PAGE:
Naturally cliff nesting birds, gulls have adapted to nest on roofs inland to take advantage of available food. They begin nesting in May and aren’t great nest builders so it’s not at all uncommon for their babies to fall off roofs and end up on the ground. In most instances, it won’t be necessary to involve an already stretched wildlife rescue. Read on below to find out when you should intervene and how.

When to rescue

If the bird has been caught by a cat or dog
Any bird which has been bitten by a cat, regardless of its age, will need rescue and treatment. There are bacteria on cat’s teeth which will pass into the bird’s bloodstream when it is bitten. Without antibiotics within a few hours of the attack the bird may develop fatal septicaemia. Any bird caught by a dog should be properly assessed for injuries.

If the bird is obviously injured
If you can see a wound, or a wing or leg is obviously damaged then the bird needs help. Survival in the wild is unlikely with an injury.

A bird has flown into a window or been hit by a car
This is common as they learn to fly. The baby may just be stunned but make sure it’s safe and contact a wildlife rescue for advice.

You can find a wildlife rescue in your area by putting your location into the search facility on our map page.

When to take other action

A fluffy or partially feathered baby on the ground
These babies are at risk and should be placed back in the nest or as close to it as possible e.g. on a nearby house or garage roof. Take care to place them as close to their original nest site as possible and not near to neighbouring gulls’ nests or they may get attacked. Contact a rescue for advice if needed but please make every effort to get the baby back to the nest yourself if possible - most rescues don't have long ladders. Ask neighbours or on your local Facebook group to source a ladder or sometimes the fire brigade will be willing to help if they're not otherwise busy.

When to leave alone

A healthy fledgling on the ground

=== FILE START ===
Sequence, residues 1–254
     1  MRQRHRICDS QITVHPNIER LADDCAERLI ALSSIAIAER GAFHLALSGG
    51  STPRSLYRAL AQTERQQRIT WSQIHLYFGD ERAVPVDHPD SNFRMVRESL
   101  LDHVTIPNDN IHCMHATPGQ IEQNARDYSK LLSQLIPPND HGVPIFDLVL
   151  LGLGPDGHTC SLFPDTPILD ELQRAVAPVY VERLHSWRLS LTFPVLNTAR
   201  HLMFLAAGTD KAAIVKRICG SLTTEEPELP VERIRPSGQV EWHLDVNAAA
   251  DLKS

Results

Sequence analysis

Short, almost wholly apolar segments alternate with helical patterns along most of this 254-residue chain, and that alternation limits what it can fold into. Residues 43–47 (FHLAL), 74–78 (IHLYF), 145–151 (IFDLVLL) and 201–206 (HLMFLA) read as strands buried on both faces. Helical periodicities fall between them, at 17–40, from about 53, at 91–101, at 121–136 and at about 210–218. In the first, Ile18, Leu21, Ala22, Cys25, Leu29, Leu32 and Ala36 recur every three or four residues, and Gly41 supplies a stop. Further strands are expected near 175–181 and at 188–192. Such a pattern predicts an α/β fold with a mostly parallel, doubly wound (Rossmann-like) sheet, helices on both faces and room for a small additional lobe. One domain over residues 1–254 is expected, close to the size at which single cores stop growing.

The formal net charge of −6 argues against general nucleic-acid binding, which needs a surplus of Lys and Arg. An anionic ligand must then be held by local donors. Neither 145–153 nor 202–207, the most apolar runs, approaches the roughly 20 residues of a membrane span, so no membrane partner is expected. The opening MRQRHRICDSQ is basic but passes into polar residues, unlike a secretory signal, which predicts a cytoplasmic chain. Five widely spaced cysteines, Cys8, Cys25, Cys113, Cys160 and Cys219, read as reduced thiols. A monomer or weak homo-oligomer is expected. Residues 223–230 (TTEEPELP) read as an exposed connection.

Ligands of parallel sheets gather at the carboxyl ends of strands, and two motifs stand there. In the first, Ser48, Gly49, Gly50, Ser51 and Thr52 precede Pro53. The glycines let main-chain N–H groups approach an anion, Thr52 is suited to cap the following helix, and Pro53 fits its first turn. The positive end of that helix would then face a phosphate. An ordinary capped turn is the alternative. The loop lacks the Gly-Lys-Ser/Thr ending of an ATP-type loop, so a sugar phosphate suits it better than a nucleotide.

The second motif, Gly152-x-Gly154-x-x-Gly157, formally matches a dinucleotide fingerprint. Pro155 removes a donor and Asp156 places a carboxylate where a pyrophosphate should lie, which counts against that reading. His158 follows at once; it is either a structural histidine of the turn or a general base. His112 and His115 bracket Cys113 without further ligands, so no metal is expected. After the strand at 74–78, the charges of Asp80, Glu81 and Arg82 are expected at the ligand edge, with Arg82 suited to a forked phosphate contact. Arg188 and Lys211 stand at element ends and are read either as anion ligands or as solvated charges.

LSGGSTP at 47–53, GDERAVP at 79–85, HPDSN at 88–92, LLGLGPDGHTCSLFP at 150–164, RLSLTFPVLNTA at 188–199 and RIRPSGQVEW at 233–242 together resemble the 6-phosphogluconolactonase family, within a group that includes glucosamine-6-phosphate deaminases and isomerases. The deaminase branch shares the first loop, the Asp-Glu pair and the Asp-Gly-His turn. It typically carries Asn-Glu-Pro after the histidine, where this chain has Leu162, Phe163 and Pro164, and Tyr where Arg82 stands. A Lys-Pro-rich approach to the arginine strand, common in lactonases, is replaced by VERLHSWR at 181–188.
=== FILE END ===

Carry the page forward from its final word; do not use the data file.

A fledgling is a baby with all the long flight feathers on their wings. At rest, the tips of their wings should overlap just above their tail. Like most birds, gulls leave the nest before they’re fully able to fly. It’s common for them to spend a couple of days building strength in their wings from the ground. Unless they are injured or in immediate danger, they are best left alone. If in danger, try first to just move them to a nearby safer location. 

A baby gull is crying, and the parents don’t seem to be feeding it
It is normal for baby gulls to call to their parents. Gulls also feed their young much less often than many other species at only a handful of times a day. As long as the baby is uninjured and off the ground and the parents are in the area, this isn’t a cause for concern.

The gulls are a nuisance
Nesting gulls are protected by law and removing the eggs or babies or interfering with the nest just because they are unwanted is illegal.


Gulls do have strong beaks so it’s sensible to pick the bird up with a towel or gloves to protect yourself and minimise stress to the bird. Keep the beak away from your face and eyes. Have something ready to put the bird straight into before you catch it if possible. Be aware too that any parent birds may be protective and swoop at you to try and scare you off. It may be helpful to have someone else assisting you by holding an umbrella to keep the parents away.


If the bird needs to be rescued, place it in something like a large cardboard box or pet carrier lined with a towel. If using a box, make sure the lid is secure and don’t forget to provide plenty of air holes. Place the box somewhere warm and quiet and keep children and pets away.


If the bird has been caught by a cat, then you must seek urgent help. The bird will need to be given antibiotics within a few hours of being bitten or it may develop fatal septicaemia. Some wildlife rescues are available 24/7 for this sort of emergency and we try to give some indication of availability on our listings. You could also contact local vets – although they will not have facilities for the long-term care of the bird, they may be willing to provide a one-off dose of antibiotics. Some may even do so free or at a much-reduced price.
Do NOT attempt to feed the bird without first seeking expert advice. Never attempt to force feed water to a bird as it is very easy to drown them and never offer cow’s milk, worms or alcohol.
If the bird is shocked or weakened supplementary heat can be very helpful. You can put a hot water bottle wrapped in a towel at one end of the box, either inside, underneath or next to the box, ensuring the bird can get away from the heat if it wants to. If the bird begins to pant, remove the heat source immediately.
NB: this advice is designed to cover the first couple of hours or overnight. If you are not able to get the animal to a wildlife rescue promptly, please at least speak to someone by phone for further advice about care beyond this period. If you want to care for the casualty yourself rather than taking it to a rescue, please read the information here.